Affectionately referred to as "the bible" of psychiatry, the Diagnostic and Statistical Manual of Mental Disorders (DSM) has had its fair share of critics. Ideally, the DSM is supposed to bring research to practice, using research to inform diagnoses and treatment, but there's no doubt that there are cultural and political influences involved. As the book infamously characterized homosexuality as a psychological disorder, it's not surprising that some take the DSM with a grain of salt.
Just the same, the revision of the DSM, set to be published in 2013, is garnering a lot of attention in both the popular and professional press.
In the realm of suicide prevention, perhaps the most relevant development is proposed assessment tools for suicide risk. Significant risk factors were drawn from follow-up research with suicide attempt survivors as well as psychological autopsies, interviews with those close to individuals who died by suicide to collect information about individuals' history and experiences prior to suicide.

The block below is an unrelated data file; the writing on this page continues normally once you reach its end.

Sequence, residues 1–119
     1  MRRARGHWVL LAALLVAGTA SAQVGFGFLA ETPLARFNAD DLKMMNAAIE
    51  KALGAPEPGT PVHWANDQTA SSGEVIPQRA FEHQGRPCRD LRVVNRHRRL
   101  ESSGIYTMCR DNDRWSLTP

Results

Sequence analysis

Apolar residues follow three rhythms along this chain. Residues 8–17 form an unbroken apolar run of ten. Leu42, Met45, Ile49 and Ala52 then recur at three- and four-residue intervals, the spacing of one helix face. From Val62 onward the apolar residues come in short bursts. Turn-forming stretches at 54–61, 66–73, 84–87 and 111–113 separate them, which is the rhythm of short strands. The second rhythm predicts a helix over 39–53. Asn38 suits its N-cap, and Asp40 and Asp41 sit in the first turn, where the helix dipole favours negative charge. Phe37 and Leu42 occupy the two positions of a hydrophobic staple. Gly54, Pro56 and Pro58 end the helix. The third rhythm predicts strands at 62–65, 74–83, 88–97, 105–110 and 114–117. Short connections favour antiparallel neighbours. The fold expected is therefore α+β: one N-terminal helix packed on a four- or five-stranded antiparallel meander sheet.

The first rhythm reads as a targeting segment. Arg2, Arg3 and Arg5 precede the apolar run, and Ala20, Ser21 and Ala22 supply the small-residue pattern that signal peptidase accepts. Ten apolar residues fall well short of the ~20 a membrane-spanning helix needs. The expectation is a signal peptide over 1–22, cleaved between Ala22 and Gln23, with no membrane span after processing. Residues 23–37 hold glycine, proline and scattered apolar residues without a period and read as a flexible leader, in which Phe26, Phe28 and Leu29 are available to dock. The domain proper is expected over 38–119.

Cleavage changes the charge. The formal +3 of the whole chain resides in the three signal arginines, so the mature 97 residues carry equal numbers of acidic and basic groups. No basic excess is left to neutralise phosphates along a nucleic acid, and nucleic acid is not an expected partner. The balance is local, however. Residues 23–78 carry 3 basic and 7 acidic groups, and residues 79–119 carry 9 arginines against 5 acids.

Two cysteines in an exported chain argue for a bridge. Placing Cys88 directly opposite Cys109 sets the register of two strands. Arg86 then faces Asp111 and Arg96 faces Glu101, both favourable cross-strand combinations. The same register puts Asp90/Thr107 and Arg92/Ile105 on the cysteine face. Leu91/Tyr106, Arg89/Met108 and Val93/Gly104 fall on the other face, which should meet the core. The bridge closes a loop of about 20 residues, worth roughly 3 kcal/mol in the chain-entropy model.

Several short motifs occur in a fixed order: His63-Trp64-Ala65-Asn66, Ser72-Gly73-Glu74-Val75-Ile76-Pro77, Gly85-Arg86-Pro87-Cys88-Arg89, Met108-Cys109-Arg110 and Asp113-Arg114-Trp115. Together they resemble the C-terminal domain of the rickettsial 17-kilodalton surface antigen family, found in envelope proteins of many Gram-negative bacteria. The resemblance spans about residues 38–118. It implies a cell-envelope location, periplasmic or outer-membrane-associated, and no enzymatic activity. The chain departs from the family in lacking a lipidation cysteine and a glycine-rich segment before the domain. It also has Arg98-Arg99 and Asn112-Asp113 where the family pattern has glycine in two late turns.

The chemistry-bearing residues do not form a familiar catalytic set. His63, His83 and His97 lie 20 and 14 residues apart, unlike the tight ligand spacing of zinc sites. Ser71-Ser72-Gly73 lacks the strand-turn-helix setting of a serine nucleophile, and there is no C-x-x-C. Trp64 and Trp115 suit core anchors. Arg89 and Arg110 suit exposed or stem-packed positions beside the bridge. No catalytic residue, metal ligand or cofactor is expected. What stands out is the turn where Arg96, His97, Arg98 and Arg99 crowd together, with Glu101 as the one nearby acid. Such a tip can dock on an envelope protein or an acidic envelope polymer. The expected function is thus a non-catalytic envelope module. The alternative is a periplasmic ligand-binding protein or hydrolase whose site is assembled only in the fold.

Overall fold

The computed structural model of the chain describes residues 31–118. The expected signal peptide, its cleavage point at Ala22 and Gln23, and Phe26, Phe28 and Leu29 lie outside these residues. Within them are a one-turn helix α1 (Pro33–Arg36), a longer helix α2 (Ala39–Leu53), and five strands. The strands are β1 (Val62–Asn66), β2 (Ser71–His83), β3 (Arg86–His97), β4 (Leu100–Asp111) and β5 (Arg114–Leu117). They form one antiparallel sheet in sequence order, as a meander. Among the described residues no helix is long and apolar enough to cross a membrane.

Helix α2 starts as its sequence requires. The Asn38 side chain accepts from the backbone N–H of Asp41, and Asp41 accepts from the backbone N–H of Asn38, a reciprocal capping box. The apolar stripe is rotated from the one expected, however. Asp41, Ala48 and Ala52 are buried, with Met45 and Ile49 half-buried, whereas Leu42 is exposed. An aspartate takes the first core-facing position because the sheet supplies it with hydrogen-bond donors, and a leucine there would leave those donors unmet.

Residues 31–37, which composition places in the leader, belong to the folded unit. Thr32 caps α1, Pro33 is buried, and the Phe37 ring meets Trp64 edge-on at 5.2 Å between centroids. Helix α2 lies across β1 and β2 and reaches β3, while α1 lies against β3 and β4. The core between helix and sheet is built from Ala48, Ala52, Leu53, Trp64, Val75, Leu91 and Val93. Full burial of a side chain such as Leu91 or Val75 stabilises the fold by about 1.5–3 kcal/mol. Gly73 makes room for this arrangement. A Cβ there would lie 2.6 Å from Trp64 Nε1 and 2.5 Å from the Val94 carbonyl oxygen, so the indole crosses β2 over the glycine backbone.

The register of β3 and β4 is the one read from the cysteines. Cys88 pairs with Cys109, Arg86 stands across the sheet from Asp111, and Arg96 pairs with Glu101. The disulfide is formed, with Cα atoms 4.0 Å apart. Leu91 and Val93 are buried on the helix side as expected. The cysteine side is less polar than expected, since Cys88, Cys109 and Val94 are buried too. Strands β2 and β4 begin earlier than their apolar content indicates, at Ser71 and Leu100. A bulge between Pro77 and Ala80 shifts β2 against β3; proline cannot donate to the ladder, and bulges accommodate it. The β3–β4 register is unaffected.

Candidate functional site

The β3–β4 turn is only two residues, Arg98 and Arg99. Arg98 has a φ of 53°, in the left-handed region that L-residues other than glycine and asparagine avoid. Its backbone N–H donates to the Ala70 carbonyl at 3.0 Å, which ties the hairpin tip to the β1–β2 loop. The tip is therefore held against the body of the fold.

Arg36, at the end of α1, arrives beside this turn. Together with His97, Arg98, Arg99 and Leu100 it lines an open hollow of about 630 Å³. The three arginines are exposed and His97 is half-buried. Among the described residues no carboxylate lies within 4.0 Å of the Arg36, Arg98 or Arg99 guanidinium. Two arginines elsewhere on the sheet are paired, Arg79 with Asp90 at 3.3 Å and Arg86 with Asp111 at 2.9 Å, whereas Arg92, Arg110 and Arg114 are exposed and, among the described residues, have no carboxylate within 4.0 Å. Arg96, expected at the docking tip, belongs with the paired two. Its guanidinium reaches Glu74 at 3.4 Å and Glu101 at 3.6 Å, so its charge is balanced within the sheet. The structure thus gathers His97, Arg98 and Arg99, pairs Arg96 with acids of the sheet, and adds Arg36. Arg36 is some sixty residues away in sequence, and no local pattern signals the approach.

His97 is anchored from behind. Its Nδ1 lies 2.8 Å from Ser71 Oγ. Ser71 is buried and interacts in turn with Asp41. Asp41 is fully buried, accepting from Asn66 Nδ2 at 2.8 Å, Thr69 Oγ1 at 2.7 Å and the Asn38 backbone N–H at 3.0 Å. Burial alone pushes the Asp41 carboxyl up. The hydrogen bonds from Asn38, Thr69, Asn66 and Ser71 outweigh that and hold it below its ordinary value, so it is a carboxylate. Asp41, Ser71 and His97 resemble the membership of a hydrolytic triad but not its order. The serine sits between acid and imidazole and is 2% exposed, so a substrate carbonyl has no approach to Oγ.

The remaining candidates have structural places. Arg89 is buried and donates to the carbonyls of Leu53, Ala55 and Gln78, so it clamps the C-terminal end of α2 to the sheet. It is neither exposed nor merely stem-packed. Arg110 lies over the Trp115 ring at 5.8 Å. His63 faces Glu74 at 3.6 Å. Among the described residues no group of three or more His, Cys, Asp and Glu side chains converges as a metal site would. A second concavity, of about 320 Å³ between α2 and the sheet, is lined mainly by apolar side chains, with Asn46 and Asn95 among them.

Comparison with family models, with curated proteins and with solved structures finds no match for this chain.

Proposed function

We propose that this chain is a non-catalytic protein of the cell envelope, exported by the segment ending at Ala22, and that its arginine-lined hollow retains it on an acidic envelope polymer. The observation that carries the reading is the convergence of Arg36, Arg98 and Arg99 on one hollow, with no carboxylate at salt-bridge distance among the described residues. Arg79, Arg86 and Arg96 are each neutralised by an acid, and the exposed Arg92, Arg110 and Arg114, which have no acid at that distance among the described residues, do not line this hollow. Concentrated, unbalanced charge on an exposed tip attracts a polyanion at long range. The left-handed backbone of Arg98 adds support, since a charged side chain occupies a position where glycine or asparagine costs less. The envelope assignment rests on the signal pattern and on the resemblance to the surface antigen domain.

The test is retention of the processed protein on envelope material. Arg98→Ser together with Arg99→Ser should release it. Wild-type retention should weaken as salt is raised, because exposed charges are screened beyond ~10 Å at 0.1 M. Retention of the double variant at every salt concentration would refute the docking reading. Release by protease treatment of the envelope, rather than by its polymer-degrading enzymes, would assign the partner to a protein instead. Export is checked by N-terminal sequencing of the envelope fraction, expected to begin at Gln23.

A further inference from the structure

Here are the seven risk categories for assessment of adults:
- Any history of a suicide attempt
- Long-standing tendency to lose temper or become aggressive with little provocation
- Living alone, chronic severe pain, or recent (within 3 months) significant loss
- Recent psychiatric admission/discharge or first diagnosis of major depressive disorder, bipolar disorder, or schizophrenia
- Recent increase in alcohol abuse or worsening of depressive symptoms
- Current (within last week) preoccupation with, or plans for suicide
- Current psychomotor agitation, marked anxiety, or prominent feelings of hopelessness
The more risk factors an individual is experiencing, the greater the concern. No risk factors are weighted more heavily than others; research hasn't indicated that such weighting is appropriate at this time.